It is well known that environmental comfort level is not just a function of temperature. Other factors, such as carbon dioxide level and the presence of smoke, dust, pollen and other pollutants can also be detrimental to air quality. One important contributor to comfort level is relative humidity. For optimum comfort, the relative humidity of the surrounding air must be maintained within a certain range. Control of relative humidity is important not only because of its effect on human comfort but also because either excessively moist or excessively dry conditions can be detrimental to equipment, furniture, buildings and the like.

Advances in the air conditioning art have led to the ability to more precisely and independently control not only air temperature in a conditioned space but also other variables such as relative humidity. One such advance is an air conditioning system having a variable cooling capacity. This capability is achieved in newer, more sophisticated vapor compression systems by providing variable speed motors to drive the compressor and heat exchanger fans. Proper control of such systems to achieve desired relative humidity levels requires that the relative humidity in the conditioned space be known. A control device can then use that information together with other parameters, such as temperature, of the air in the space to determine the proper operating mode for the system.

Most hygrometric devices have one or more of the attributes of being expensive, bulky and unreliable, all of which are undesirable in an air conditioning system. What is needed is a simple and inexpensive way to determine the relative humidity of the air in the conditioned space so that the controller of the system can take the proper action to bring and maintain the relative humidity within a desired range.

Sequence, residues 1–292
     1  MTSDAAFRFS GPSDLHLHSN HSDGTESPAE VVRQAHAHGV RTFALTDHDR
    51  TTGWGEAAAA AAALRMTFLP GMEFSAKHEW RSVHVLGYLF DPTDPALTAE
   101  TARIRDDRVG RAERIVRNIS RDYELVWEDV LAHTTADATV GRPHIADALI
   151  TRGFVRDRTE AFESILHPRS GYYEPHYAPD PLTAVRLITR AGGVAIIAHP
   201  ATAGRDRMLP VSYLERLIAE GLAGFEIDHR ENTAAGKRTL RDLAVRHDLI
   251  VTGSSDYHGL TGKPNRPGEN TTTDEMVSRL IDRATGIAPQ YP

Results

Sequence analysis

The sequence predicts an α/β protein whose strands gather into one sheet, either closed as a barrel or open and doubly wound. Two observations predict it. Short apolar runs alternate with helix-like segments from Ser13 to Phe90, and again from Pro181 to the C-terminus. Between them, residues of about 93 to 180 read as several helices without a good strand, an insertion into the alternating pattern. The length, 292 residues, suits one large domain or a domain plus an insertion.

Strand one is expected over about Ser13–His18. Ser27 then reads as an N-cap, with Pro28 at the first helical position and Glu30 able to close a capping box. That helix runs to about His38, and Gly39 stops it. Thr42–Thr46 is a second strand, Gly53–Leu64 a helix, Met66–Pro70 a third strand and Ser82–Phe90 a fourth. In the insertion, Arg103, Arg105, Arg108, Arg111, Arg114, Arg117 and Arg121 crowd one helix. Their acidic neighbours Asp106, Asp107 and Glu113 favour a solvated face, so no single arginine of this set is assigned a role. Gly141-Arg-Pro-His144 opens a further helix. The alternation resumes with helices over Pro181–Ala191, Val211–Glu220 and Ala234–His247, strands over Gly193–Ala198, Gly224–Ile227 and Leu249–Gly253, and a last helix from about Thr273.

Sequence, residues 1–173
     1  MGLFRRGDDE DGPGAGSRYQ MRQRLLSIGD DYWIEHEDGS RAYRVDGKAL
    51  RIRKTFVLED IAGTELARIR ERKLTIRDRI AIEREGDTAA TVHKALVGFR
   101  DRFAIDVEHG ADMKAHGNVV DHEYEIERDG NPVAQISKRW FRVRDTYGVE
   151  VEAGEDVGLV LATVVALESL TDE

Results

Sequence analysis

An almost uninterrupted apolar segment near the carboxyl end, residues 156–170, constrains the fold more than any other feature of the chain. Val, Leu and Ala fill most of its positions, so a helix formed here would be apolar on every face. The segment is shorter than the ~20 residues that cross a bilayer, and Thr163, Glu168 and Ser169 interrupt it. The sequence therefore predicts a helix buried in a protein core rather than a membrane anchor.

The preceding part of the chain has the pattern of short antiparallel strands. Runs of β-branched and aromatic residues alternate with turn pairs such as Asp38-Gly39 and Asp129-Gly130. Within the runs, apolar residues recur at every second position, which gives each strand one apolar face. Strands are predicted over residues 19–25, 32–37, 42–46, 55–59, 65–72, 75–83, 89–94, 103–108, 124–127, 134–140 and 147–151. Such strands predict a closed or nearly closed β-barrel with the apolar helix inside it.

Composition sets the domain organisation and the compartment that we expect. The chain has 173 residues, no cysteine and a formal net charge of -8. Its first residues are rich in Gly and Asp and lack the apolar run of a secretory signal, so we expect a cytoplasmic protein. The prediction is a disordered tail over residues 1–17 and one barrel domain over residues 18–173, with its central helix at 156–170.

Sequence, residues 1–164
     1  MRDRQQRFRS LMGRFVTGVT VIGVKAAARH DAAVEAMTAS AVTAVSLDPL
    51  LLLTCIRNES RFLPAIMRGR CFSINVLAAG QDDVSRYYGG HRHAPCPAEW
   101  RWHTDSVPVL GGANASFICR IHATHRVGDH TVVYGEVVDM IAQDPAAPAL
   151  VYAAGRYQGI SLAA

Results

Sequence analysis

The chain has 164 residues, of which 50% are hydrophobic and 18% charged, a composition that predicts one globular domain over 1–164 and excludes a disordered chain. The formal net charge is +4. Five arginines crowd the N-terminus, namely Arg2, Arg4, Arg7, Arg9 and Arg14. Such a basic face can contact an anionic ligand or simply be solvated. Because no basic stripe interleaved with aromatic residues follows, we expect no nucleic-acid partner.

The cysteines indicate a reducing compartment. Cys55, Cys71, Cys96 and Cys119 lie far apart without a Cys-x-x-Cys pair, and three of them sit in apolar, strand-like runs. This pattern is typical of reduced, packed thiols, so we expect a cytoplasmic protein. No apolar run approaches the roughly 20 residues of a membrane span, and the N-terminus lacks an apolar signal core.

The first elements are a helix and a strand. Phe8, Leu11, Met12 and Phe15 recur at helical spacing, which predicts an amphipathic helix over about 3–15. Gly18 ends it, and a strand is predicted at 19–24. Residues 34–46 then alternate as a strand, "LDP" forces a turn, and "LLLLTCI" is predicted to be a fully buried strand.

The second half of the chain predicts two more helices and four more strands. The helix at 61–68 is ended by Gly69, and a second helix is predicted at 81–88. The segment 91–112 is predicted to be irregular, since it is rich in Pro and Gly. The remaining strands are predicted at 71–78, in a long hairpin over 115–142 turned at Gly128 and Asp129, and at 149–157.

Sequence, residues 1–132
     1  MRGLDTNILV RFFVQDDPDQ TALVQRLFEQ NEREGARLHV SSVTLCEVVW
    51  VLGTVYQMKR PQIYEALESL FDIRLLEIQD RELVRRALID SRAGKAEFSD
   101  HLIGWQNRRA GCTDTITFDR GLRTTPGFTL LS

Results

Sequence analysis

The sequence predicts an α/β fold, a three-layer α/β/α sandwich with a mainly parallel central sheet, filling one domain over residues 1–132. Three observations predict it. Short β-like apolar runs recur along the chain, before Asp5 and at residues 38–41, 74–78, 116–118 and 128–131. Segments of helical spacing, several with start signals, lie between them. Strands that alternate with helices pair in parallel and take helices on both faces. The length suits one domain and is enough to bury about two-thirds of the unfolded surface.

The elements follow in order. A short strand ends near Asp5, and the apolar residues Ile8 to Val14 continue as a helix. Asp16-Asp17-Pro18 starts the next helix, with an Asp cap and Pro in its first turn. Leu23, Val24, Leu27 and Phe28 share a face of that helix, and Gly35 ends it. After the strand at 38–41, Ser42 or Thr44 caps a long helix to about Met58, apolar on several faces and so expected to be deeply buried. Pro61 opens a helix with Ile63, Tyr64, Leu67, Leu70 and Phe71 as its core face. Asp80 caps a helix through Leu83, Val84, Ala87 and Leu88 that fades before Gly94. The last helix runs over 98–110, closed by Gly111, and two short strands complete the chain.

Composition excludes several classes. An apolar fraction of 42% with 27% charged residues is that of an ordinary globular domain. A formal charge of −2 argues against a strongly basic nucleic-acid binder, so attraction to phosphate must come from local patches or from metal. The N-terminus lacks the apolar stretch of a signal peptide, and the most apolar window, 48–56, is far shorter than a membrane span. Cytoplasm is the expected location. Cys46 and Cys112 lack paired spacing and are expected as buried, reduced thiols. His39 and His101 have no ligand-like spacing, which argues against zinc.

SUMMARY OF THE INVENTION

The present invention is a method, as well as an apparatus for implementing the method, for determining the relative humidity in the air entering the air cooling heat exchanger of an air conditioning system. Since the air entering the heat exchanger is being drawn from the space to be conditioned, and absent some other heating, cooling or dehumidification process occurring between the system air intake and the cooling heat exchanger, the relative humidity of the entering air is the same as the air in the space to be conditioned. Thus, measuring relative humidity at the heat exchanger is equivalent to measuring relative humidity in the space.

The invention does not directly measure relative humidity but rather measures and detects other parameters of the system and of the air flowing through it and calculates, from these parameters, the relative humidity of the entering air. The invention is not capable of calculating relative humidity over the entire range of possible relative humidity values for a given condition. That is, there can be extremely high or extremely low values of relative humidity that the method of the invention is unable to determine and that the apparatus cannot calculate. The method and apparatus of the invention can, however, determine that the relative humidity is "out of range high" or "out of range low." This ability should, in general, be sufficient to serve as an input to a controller for an air conditioning system.